RBSE Class 11 Indian Geography Notes Chapter 5 Drainage System of India

Go through these RBSE Class 11 Indian Geography Notes Chapter 5 Drainage System of India contain important concepts so that students can score better marks in the exam.

Rajasthan Board RBSE Class 11 Indian Geography Notes Chapter 5 Drainage System of India

→ The development of Indian civilization and culture took place in river-valleys.

→ The rivers have played an important role in the development of historical religious, commercial and industrial cities in India.

→ There is a matchless contribution of rivers in economic development of India.

Change of Routes

  • The routes of Indian rivers have been changing since beginning, out of which the drainage system of Indus-Brahmaputra rivers is the most important.
  • In the past the drainage system of Indus-Brahmaputra joined Suleiman and Kirther ranges which were parallel to the Himalayas, and with the passage of time, it got divided into two parts – Indus and Brahmaputra.
  • The main rivers in India which change their routes are Brahmaputra, Ganga and Kosi.

Water Shed or Water Divider

  • The system that divides water flow of a region in the specific conditions is called watershed or divider.
  • Water divider line India starting from Manasarovar lake passes through Kamet mountain, and after entering Udaipur with Aravalis includes the vallys of rivers Narmada and Tapti is extending to Kanyakumari along with Western Ghats.

RBSE Class 11 Indian Geography Notes Chapter 5 Drainage System of India

Geographical Classification of Drainage

  • From geographical perspective, Indian drainage system has been divided into three parts Himalayas drainage system, Peninsular drainage system and Inland drainage system.

Himalayas Drainage System

  • The Himalayas drainage system is also known as Northern India drainage system.
  • The Himalayas drainage system has been classified into Indus, Ganga and Brahmaputra drainage system.
  • Indus drainage system includes the rivers Satluj, Beas, Ravi, Chenab, and Jhelum.
  • An area of 3.25 lakh sq. km of Indus drainage system is found in India.
  • The Ganga drainage system stretches to 8.6 lakh sq. km area in which rivers Chambal, Betwa, Ken, Yamuna, Kosi, Ramganga, Gomati, Ghaghara, Son etc. are included.
  • River Kosi of Ganga drainage system keeps on changing its route and becomes a cause of disasters, so it is called a sorrow of Bihar.
  • The Brahmaputra drainage system includes rivers like Divang, Lohit, Bhareli, Subansiri, Manas, Kapali, Buri, Dihing etc.

Peninsular Drainage System

  • Peninsular drainage system is classified into the rivers draining into Bay of Bengal and the rivers draining into Arabian sea.
  • The main rivers that drain into Bay of Bengal are Damodar, Swarbrekha, Brahmani, Mahanadi, Godavari, Bhima, Krishna, Tungabhadra, Pennar, Palar, Kaveri, Vaigai etc.
  • The River Damodar always changes its way, so it is called the sorrow of Bengal.
  • Mahanadi, Godavari, Krishna and Kaveri Rivers make delta at the eastern coast.
  • The rivers that meet Arabian sea are Narmada, Tapti, Luni, Sabarmati, Mahi, Sukari, Bandi, and Sharavati.

Inland Drainage System

  • Inland drainage system is extended from Sambhar Lake in Rajasthan to Ghaggar in Hariyana.
  • The rivers of this systems are seasonal so they ended either in the lakes or into the deserts.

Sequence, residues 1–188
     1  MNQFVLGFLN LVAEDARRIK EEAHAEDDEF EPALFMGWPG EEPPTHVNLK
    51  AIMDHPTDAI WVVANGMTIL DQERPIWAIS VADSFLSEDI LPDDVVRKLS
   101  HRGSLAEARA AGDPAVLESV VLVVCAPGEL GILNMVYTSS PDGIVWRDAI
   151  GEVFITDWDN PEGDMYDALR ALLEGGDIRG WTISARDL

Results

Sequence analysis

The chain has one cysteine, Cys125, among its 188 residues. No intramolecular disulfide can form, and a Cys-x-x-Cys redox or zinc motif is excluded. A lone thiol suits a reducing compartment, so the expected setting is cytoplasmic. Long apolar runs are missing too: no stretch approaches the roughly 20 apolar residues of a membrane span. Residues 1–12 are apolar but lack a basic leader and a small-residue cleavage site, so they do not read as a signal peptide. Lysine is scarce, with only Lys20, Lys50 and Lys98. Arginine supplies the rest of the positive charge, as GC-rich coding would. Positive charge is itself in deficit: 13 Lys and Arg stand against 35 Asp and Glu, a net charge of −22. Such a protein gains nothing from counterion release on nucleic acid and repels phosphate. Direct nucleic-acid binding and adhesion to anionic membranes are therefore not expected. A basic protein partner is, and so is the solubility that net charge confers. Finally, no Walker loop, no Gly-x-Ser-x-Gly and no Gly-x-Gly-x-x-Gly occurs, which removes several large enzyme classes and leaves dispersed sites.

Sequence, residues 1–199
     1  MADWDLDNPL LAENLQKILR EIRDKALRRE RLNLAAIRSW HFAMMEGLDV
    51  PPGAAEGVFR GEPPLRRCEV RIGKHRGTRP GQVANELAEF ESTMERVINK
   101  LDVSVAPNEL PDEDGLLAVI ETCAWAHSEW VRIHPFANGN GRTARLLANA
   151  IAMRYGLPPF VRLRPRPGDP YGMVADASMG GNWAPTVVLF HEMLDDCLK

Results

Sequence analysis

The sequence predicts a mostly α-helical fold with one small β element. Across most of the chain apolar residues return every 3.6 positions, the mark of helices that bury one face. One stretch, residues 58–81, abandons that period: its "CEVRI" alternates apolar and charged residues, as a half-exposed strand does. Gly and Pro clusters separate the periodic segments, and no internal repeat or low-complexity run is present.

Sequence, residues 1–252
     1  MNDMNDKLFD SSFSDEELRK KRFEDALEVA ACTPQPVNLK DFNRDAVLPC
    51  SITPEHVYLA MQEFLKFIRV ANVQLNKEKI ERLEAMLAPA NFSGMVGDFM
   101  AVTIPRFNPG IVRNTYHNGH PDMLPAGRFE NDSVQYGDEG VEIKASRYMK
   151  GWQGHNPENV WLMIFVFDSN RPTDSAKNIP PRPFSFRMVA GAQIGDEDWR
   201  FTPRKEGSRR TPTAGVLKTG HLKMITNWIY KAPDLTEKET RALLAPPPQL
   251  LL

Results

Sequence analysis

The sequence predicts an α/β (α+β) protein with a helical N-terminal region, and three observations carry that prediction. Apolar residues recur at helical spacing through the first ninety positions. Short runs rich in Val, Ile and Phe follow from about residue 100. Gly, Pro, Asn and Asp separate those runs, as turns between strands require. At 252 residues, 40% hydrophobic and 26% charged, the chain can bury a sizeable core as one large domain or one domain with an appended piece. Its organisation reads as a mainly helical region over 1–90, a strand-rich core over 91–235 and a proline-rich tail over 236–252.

RBSE Class 11 Indian Geography Notes Chapter 5 Drainage System of India

Drainage System of India Notes Important Terms

→ Civilization: It is the physical form of culture which presents an ancient time nature of human with a variety of cultures.

→ Culture: It is the characteristics and knowledge of a particular group of people comprising language, religion, social habits, music and arts.

→ Valley: A low area of land between hills or mountains, typically with a river or stream flowing through it.

→ Climate: The composite or generally prevailing weather conditions of a region, as temperature, air pressure, humidity, precipitation, sunshine, cloudiness and winds throughout the year or a long time.

→ Irrigation: A method of irrigate to crops in dry season.

→ Transport: The act of carrying people and goods from one place to another place by any means.

→ Drainage: Flow of water according to the surface gradient.

→ Water shed or Water divider: The system that divides water flow of a region in the specific conditions.

→ Bay: A Bay is a recessed, coastal body of water that directly connects to a larger main body of water such as an ocean, lake or another bay.

→ Inland Drainage: Inland drainage is that drainage in which rivers do not reach an ocean or sea but empty their water in a lake or an inland sea.

→ Lake: An expanse of water entirely surrounded by land and unconnected to the sea except by rivers or streams.

→ Sea: Seas are smaller than oceans and are usually located where the land and ocean meet.

→ Peninsula: A peninsula is a piece of land that is almost surrounded by water but is connected to the mainland on one side.

→ Gorge: It is a narrow valley with steep rocky walls located between hills or mountains.

→ Dam or Embankment: It is a barrier that holds back water, dams are primarily used to save, manage and prevent the flow of excess water into specific regions.

→ Confluence: The place where two or more flowing bodies of water join to form a single channel

→ Delta: A triangular tract of sediment deposited at the mouth of a river, typically where it diverges into several outlets.

→ Waterfall: A cascade of water falling from a height, formed when a river or stream flows over a steep incline.

→ Fault: A fault is a planar fracture or discontinuity in a volume of rock, across which there has been significant displacement as a result of rock mass movement.

→ Desert: It is a landscape form or region that receives very little precipitation.

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